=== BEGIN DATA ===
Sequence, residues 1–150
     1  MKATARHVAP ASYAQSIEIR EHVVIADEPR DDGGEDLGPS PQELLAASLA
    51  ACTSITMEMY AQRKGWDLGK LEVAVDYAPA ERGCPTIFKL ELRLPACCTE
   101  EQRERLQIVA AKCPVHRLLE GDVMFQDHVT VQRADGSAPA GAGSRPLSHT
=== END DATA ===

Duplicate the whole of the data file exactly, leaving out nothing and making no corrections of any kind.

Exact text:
Sequence, residues 1–150
     1  MKATARHVAP ASYAQSIEIR EHVVIADEPR DDGGEDLGPS PQELLAASLA
    51  ACTSITMEMY AQRKGWDLGK LEVAVDYAPA ERGCPTIFKL ELRLPACCTE
   101  EQRERLQIVA AKCPVHRLLE GDVMFQDHVT VQRADGSAPA GAGSRPLSHT